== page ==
With spring in bloom across our adventure capital, the razored ridgeline of the Remarkables was still flecked in snow on my recent swing through Queenstown, accentuating the resort town's good looks.
The gracious old lady of the lake, TSS Earnslaw, was faithfully plying Wakatipu's waters, but eager for a fresh scoop of floating pleasure, I boarded Southern Discoveries' gleaming catamaran.
They operate daily excursions to Mt Nicholas Station, one of New Zealand's most historic, family run merino sheep stations. Spanning 40,468 hectares (100,000) acres of golden high country terrain, the 45 minute scenic cruise down Lake Wakatipu affords glorious vistas of Mt Earnslaw, Cecil Peak, and the tucked away valley beneath Mt Creighton, where the Hollywood set have reportedly purchased homes, including Arnie Schwarzenegger and John Travolta.
Arriving at Mt Nicholas Station, you have a variety of add-on sightseeing options including a 4WD Safari, a two-hour High Country Walk or the Woolshed Experience. I opted for the latter, which was a wonderfully hands-on exposition of merino wool's journey from fresh fleece to top-end clothing.
As a premium wine-growing region, swooned over for its pinot noir, a swirl of wine trail tours can whisk you across the vineyards of the Gibbston Valley and beyond.
If you're short on time, visit The Winery, a one-stop-tasting shop in the heart of Queenstown where you can taste over 80 wines, including several dozen delicious pinot noirs, at the press of a button.
Complement your wine sampling by grazing from a flavourful platter of local cheese, salami and olives. Speaking of food, you've surely heard about the insatiably cultish following that consumes the footpath of Shotover St, outside Fergburger, which is open 21 hours a day. Phone ahead and track your order on the website. These decadently delicious gourmet creations are sinfully good. My pick? The Bun Laden.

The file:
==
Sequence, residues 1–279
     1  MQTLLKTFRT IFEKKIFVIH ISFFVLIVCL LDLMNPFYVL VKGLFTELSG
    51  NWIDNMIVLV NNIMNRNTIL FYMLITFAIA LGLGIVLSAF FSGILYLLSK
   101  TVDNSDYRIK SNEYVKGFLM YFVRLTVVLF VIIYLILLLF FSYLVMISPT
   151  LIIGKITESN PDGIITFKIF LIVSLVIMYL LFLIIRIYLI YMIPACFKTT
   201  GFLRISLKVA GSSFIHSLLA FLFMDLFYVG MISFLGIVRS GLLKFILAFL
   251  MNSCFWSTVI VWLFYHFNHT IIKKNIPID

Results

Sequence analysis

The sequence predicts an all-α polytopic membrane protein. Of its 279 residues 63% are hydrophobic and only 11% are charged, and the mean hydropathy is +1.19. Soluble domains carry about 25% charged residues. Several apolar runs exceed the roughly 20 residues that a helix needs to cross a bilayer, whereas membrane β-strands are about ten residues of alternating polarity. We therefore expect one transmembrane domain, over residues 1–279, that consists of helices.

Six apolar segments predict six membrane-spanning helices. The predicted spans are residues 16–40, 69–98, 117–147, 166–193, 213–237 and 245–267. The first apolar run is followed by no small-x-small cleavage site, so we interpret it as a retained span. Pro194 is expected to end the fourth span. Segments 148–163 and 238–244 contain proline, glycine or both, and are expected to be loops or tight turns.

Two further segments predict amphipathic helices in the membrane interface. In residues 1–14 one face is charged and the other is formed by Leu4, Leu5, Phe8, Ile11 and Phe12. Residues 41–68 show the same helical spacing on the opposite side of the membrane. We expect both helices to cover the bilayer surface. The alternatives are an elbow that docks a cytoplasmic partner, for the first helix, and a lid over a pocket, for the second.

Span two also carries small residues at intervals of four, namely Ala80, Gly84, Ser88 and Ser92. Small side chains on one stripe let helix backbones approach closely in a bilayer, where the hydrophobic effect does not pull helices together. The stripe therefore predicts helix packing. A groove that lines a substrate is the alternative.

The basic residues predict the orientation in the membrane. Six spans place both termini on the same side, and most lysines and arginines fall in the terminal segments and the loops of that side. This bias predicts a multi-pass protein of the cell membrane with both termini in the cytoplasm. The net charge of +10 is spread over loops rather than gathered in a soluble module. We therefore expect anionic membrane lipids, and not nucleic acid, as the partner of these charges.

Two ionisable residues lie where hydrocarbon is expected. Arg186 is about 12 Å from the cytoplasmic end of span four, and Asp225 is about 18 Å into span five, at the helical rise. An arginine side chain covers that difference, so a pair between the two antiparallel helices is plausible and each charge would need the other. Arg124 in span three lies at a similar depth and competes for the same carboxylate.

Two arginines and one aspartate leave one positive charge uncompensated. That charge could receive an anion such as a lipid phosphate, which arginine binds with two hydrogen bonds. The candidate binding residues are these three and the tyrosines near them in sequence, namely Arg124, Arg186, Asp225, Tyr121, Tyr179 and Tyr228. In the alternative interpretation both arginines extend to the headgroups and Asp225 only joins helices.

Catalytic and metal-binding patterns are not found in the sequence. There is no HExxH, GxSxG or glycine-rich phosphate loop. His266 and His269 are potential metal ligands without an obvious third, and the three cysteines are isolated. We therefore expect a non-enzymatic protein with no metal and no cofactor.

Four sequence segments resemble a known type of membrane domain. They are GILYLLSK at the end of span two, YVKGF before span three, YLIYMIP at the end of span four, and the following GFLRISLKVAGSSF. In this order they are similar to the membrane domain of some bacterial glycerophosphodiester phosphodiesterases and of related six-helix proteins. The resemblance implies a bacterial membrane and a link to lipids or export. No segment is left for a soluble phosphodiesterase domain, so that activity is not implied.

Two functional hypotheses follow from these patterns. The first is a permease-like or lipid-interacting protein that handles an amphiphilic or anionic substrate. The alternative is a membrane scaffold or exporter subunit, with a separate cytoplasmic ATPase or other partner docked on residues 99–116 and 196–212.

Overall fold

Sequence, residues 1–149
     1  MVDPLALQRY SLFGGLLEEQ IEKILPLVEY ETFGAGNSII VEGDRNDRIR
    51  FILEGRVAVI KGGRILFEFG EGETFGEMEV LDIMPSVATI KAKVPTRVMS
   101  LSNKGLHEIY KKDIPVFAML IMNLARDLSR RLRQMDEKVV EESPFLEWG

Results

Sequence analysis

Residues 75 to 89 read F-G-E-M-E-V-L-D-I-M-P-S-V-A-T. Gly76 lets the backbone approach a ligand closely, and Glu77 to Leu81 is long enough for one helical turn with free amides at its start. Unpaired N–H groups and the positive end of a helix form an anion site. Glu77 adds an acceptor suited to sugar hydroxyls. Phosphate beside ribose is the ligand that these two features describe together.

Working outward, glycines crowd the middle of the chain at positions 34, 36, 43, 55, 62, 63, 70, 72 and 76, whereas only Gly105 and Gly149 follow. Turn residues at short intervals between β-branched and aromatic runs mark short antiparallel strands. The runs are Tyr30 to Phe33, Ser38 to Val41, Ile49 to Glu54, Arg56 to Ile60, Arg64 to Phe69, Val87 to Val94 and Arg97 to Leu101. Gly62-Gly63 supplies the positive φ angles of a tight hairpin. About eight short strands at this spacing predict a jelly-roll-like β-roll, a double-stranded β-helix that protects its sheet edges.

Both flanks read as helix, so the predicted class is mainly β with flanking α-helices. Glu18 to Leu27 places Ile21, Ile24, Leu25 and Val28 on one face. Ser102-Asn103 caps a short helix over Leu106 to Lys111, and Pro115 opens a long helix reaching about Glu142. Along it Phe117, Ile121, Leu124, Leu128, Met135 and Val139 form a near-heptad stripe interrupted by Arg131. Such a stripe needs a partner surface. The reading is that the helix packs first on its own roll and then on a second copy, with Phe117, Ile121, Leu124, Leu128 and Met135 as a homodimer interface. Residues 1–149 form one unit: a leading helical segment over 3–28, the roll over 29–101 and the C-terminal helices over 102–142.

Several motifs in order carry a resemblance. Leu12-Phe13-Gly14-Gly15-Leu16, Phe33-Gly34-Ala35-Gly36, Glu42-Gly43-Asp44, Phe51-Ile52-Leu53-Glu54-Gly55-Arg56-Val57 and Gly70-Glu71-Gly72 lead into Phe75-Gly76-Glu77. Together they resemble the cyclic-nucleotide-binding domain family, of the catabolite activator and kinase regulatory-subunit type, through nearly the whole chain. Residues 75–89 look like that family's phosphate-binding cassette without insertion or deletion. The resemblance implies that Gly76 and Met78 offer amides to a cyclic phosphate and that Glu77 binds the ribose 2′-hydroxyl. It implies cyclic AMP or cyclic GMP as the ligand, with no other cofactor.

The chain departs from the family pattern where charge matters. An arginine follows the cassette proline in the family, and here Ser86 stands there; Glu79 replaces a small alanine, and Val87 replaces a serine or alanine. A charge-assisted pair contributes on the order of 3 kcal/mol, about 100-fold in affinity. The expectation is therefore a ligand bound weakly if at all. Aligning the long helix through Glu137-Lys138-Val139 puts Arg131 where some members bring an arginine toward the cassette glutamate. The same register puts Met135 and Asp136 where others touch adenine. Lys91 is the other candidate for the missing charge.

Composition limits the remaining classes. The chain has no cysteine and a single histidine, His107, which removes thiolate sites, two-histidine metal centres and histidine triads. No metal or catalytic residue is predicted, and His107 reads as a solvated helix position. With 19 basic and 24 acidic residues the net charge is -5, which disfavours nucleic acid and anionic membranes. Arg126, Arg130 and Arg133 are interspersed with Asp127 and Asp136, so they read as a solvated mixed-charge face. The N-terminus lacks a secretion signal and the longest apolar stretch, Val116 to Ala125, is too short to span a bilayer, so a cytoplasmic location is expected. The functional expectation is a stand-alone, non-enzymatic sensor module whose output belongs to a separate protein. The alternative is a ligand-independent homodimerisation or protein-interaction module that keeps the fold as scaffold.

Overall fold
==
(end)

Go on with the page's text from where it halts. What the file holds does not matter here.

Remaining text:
Another great noshing spot is Akarua Wines & Kitchen by Artisan, just up the road by Lake Hayes. Open for breakfast and lunch, the tasty and seasonal food is thoughtfully matched with the purity of Akarua wines.
On Steamer Wharf, graze heartily from the share plates at Public Kitchen & Bar, a convivial celebration of local produce overlooking Lake Wakatipu and the gazillion dollar views. Another recommended fuss-free experience is the Ballarat Trading Company. This is Queenstown's only gastropub, stunningly outfitted in the style of an 1850s trading post.
Going on holiday - don't forget the dog
Trending noticeably amongst many Kiwis holidaying within New Zealand is the desire to trip away with your dogs.
I accompanied my parents and their two furry friends on their recent short-break in Queenstown.
The resort town probably isn't top of mind when it comes to affordable paw-friendly holiday destinations, but a highly recommended roost, within walking distance of the town centre is Pinewood Lodge.
Walking options abound in Queenstown and we gave the pooches some solid workouts on a variety of trails including the stunning Mt Creighton track and the gorgeous loops around Queenstown Gardens and Marine Pde.
Heading east from the town centre, the Frankton Arm Walkway is an absolute heart-stealer, with its unobstructed lake and mountain views.
We enjoyed coffee and a sticky date scone, with crème and raspberries, at the characterful - and pooch-friendly - Boat Shed Café & Bistro.
Its back-story is fascinating, set in the restored New Zealand Railways Shipping Office. The building was originally used as a store in the 1870s. In 1936 it was bought by Frank Duncan, a Dunedin lawyer, who moved the building from the town centre central Queenstown to its current waterfront location.
From The Boat Shed, the gravel walkway wends its way along the shoreline to Frankton, passing a quaint parade of rustic Kiwi cribs - a laid-back world away from the glitz and pretence of some of Queenstown's more recent glamour pad developments.
They're anything but flashy. It is such a great antidote to savour this unmolested vestige of old Queenstown.